When curiosity gets the better of them, classmates Guren Nash and Ceylan Jones accidentally activate a dormant Tenkai Generator hidden away in the basement of a local antique shop. This interdimensional portal transports them across the universe and within the lumbering armour of unknown mech warriors, where they unexpectedly find themselves thrust into an age old conflict between the Corekai and the Corrupted.
With cuboid planet Quarton’s surface as their battleground they are soon joined by Chooki Mason and Toxsa Dalton, with each youngster having been chosen by Boreas of the Guardians to assume the Tenkai Knights mantle. These four legendary Heroes of Corekai – Bravenwolf, Tributon, Lydendor and Valorn – are destined to inherit the will of the Tenkai Dragon, that is if Lord Vilius doesn’t awaken it first.
While Tenkai Knights is little-known to UK audiences, it has a built itself a favourable following in the US, Canada and Japan largely through a rip-roaring anime series that has raised awareness of the shape-shifting brick power of Spin Master’s toy line. Bandai Namco’s Nintendo 3DS exclusive is a faithful, if heavily abbreviated, rendition of the source material.
With Vilius seeking to revive the Tenkai Dragon for his own evil schemes, you must set out to recover the five Tenkai Dragon Cubes to beat him to it. With Earth’s existence under threat, this becomes a race against time as you wrestle them from the Corrupted. The story is told entirely through written dialogue scenes complete, and the witty script suits the scenario to a tee – even if the four teenagers seem alarmingly keen to put their lives at risk.
Tenkai Knights: Brave Battle is described as a 2D robot combat game, seeing players charge around small arenas completing whichever objectives are thrown at them. Mission Mode has these in abundance, whether those attributed to the central narrative or on the side, which are broken down in such a way that is perfectly suited to portable play. More imagination was perhaps needed in cooking up the challenges laid before you, as these mostly revolve around defeating a certain number of enemies, protecting base structures and vanquishing bosses. Blast your way through the earlier missions, however, and you’ll soon find your skills put to the test as the difficulty begins to considerably ramp up.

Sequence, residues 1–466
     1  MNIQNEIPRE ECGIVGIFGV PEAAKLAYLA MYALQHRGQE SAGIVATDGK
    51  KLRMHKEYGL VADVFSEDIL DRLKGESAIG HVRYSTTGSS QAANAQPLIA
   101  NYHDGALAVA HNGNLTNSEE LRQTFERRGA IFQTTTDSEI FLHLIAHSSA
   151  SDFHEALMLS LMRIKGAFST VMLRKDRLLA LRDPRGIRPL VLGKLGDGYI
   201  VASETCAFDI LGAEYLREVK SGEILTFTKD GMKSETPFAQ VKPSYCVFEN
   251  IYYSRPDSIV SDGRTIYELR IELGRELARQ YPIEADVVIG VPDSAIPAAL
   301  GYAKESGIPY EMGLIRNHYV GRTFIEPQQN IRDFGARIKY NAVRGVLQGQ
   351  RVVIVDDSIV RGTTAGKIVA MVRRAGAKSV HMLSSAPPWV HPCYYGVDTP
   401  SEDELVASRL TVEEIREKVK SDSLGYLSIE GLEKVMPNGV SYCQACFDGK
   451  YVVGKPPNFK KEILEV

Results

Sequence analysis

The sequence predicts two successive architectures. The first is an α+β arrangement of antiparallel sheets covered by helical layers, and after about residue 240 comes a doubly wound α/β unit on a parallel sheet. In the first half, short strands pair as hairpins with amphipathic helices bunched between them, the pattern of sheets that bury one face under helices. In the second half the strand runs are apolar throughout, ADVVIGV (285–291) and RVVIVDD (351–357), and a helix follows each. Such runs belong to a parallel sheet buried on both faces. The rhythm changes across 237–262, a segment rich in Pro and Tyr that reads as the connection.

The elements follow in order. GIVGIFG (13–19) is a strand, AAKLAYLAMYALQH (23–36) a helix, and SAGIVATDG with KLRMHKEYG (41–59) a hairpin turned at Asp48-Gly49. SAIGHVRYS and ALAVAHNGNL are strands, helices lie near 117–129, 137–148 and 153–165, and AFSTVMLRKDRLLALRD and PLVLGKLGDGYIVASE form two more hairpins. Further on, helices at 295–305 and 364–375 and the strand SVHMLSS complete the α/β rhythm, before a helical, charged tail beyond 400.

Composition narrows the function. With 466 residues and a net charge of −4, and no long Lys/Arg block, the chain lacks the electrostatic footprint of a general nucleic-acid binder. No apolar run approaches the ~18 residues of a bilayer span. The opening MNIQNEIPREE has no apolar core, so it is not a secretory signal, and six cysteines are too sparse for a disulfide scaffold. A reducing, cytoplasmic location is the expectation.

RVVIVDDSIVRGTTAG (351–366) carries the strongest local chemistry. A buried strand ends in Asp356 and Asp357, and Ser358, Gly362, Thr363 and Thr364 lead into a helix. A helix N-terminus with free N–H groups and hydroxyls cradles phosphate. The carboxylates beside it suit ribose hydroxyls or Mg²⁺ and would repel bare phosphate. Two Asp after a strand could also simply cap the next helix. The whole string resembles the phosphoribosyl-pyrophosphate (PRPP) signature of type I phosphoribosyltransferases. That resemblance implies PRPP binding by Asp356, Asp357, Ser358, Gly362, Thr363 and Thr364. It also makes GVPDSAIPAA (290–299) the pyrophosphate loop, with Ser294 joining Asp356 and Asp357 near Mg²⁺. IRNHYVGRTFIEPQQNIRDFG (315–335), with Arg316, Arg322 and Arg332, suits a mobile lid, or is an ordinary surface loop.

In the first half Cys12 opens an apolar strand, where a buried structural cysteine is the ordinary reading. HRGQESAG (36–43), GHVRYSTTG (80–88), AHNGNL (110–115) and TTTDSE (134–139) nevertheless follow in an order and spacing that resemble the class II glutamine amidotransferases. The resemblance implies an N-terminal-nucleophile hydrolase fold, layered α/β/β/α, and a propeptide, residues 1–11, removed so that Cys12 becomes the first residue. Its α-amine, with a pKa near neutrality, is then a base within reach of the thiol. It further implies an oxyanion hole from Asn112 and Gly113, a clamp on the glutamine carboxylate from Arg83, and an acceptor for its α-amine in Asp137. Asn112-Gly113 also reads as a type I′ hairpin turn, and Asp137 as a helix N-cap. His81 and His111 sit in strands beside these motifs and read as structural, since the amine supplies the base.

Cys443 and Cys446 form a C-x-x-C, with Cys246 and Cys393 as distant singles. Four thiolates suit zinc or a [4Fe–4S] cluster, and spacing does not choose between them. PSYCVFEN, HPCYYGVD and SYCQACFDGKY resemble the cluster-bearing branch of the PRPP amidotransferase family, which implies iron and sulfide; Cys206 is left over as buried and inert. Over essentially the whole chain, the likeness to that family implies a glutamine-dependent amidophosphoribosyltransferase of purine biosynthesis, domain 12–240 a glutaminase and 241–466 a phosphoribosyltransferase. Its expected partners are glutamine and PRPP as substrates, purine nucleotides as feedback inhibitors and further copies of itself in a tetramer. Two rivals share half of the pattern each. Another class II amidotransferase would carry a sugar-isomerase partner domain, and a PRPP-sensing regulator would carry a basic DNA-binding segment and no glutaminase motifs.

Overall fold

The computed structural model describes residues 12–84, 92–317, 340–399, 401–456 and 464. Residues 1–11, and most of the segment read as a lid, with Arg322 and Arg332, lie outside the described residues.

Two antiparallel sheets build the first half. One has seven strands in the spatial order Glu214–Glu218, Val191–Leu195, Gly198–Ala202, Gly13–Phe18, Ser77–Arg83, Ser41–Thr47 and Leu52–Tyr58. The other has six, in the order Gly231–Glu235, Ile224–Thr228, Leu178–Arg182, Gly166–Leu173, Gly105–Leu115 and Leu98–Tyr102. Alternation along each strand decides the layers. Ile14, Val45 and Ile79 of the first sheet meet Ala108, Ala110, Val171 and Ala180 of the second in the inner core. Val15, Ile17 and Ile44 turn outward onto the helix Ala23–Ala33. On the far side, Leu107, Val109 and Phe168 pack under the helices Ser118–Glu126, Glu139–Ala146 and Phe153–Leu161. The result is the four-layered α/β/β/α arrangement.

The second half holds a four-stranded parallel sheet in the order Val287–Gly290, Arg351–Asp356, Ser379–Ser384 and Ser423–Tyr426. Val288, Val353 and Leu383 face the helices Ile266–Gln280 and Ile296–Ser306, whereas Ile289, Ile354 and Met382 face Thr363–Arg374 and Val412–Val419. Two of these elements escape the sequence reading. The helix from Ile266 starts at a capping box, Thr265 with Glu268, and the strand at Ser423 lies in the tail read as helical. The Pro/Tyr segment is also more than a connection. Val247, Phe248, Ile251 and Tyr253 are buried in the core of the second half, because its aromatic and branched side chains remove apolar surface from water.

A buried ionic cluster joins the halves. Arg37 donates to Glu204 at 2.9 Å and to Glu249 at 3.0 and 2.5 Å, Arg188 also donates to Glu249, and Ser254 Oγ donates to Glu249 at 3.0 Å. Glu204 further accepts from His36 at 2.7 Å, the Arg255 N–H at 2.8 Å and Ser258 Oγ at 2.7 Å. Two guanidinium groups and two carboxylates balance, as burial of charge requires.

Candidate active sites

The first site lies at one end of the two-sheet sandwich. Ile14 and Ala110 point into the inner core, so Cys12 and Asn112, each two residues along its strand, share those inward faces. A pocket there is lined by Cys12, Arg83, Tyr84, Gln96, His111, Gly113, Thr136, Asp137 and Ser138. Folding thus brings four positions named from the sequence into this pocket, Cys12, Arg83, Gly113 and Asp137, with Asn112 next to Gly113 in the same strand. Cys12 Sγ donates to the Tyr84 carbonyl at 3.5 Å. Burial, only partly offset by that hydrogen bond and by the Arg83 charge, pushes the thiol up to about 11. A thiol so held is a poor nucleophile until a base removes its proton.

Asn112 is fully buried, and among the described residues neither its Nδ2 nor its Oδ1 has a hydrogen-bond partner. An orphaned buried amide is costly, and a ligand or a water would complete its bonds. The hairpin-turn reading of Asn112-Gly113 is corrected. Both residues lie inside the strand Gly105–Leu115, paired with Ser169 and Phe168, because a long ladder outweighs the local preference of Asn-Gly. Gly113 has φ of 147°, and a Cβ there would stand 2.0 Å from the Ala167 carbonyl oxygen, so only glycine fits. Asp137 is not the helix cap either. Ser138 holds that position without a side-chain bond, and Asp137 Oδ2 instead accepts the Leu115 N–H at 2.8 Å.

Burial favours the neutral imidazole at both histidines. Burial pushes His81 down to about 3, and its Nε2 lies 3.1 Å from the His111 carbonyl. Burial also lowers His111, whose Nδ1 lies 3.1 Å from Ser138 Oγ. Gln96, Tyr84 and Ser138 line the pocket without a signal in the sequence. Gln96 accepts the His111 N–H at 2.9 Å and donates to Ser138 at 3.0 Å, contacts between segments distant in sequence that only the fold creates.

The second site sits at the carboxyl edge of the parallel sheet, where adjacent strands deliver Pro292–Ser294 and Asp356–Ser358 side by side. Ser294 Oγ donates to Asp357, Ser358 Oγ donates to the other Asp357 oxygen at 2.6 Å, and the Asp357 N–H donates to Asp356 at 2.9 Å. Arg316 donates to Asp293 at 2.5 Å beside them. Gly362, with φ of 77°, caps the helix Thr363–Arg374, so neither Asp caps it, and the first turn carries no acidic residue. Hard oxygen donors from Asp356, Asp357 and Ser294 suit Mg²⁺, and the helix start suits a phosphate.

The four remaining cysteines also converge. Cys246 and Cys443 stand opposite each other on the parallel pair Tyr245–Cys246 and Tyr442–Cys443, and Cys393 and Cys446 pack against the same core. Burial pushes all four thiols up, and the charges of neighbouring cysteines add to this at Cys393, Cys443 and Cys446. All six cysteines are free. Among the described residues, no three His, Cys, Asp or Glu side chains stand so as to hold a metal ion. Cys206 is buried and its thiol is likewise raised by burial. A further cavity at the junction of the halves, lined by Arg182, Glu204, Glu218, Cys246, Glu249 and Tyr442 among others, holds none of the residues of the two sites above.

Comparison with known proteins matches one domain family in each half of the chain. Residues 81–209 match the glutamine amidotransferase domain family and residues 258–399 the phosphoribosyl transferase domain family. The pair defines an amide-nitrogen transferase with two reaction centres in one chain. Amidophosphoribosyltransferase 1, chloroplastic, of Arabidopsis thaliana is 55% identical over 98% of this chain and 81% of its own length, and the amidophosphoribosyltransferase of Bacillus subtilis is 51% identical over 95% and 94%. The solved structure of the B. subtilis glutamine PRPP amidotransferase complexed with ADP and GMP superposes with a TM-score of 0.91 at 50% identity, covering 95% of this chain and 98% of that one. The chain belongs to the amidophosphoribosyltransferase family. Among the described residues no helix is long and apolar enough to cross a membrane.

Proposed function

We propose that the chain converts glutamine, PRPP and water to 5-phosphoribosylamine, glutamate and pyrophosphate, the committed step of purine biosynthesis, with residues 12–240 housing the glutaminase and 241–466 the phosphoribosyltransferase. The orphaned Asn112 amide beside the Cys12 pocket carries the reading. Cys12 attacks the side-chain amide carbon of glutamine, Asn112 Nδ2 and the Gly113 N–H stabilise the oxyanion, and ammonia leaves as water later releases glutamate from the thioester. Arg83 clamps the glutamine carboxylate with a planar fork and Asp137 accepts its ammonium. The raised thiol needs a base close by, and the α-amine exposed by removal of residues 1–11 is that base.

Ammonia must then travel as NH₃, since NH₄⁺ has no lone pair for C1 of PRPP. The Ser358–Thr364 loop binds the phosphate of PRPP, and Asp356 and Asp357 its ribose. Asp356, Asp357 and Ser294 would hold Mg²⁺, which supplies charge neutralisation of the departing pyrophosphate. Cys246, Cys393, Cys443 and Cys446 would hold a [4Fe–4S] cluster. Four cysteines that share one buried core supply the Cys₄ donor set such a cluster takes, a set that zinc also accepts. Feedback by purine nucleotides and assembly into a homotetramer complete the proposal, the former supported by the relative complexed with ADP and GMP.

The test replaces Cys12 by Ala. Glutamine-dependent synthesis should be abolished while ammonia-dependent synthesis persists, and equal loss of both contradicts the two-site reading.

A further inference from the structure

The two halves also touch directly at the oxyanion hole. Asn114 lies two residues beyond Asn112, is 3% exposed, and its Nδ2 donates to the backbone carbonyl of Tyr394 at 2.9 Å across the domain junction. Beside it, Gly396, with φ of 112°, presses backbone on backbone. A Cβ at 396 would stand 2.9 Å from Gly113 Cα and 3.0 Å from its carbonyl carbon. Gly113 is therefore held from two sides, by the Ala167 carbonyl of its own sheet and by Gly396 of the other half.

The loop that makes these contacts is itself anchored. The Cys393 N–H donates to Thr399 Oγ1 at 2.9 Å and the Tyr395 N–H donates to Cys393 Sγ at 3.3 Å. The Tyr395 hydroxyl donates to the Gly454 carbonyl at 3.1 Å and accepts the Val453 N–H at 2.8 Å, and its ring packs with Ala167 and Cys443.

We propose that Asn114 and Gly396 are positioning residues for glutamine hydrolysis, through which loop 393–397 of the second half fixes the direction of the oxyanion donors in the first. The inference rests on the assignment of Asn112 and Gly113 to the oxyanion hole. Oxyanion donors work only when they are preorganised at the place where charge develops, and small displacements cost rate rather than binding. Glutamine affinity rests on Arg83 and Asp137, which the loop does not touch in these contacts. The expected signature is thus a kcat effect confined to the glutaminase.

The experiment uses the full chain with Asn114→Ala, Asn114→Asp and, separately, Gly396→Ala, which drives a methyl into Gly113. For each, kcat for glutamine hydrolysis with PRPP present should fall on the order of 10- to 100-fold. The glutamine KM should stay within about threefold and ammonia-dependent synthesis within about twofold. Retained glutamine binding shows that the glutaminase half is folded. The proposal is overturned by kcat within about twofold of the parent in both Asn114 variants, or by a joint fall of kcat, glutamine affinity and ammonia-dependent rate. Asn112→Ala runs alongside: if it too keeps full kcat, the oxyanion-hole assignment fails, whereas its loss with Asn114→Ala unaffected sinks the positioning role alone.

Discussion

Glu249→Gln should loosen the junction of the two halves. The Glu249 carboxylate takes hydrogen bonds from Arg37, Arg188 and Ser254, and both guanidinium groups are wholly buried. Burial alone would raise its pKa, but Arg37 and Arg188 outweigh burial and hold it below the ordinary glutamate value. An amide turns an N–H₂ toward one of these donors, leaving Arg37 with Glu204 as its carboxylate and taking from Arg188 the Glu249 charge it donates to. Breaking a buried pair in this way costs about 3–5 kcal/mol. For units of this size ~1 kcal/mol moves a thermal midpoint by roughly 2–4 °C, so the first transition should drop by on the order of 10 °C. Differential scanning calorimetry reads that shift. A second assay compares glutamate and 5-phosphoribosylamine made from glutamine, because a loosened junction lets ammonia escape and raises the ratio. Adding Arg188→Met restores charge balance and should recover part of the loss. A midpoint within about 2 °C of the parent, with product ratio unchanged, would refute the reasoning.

Movement feels suitably weighty for the metallic behemoths that you’re steering, employing light, strong and special attacks to frazzle the circuits of marauding foes. The chance to dash and guard, alongside jumping and hovering, are evasive manoeuvres that similarly become a necessity to preserve your health. Whereas each Tenkai Knight wields their signature weaponry which opens up a variance in combat approach, be that using a sword, staff, lance, spear, blade, bow or chain knife. Their powered-up Titan Mode, Titan Fusion and Robofusion abilities are also periodically placed at your disposal, allowing you to gain the upper hand – the latter seeing all Knights combine to form mighty aerial vehicles to bombard your enemies with.
Customisation plays a key role to the experience, with tons of parts to unlock and upgrades to empower your favoured Tenkai Knight. You’ll debate which weapon you carry in your right arm, the shield you mount on your left, and the back unit that will burden your shoulders – each choice having an impact on character stats. Once you’ve settled on your preferred setup, you can use materials gathered in missions to strengthen your equipment even further – a necessity to help counter the difficulty increase later on.
While painstaking attention has been made to provide as much detail on the Tenkai Knight models, Brave Battle’s presentation regrettably falls down elsewhere. Level design is particularly dreary with randomly placed platforms merely placed against a static backdrop, barely even accentuated in stereoscopic 3D. Players will undoubtedly focus on combat, but more arresting environments to thunder across would have been welcomed. Especially considering the relative strength shown in all other areas.
Multiplayer opens everything up considerably, although limited to Local Play. Players can place a ‘Cooperation request’ when tackling Mission Mode to allow a second player to come to their aid, while Versus Mode lends the four-player Rumble Battle and one-on-one Versus Battle to proceedings. These frenetic duels of skill work well, and, while no Super Smash Bros. contender, is a fun diversion to the main event that can also be played solo against the CPU.
Tenkai Knights: Brave Battle won’t be the most striking game that you play this year, but it is one that has plenty to enjoy. Wade through the early missions and you’ll soon be hit with an experience that will all too happily push your skills to their limits, with a rewarding layer of customisation thrown in. Naturally, it will be fans that gain the most enjoyment for the game’s rampant and yet faithful direction, but there’s enough fun to be had for the rest of us – even if there’s a lack of visual diversity throughout.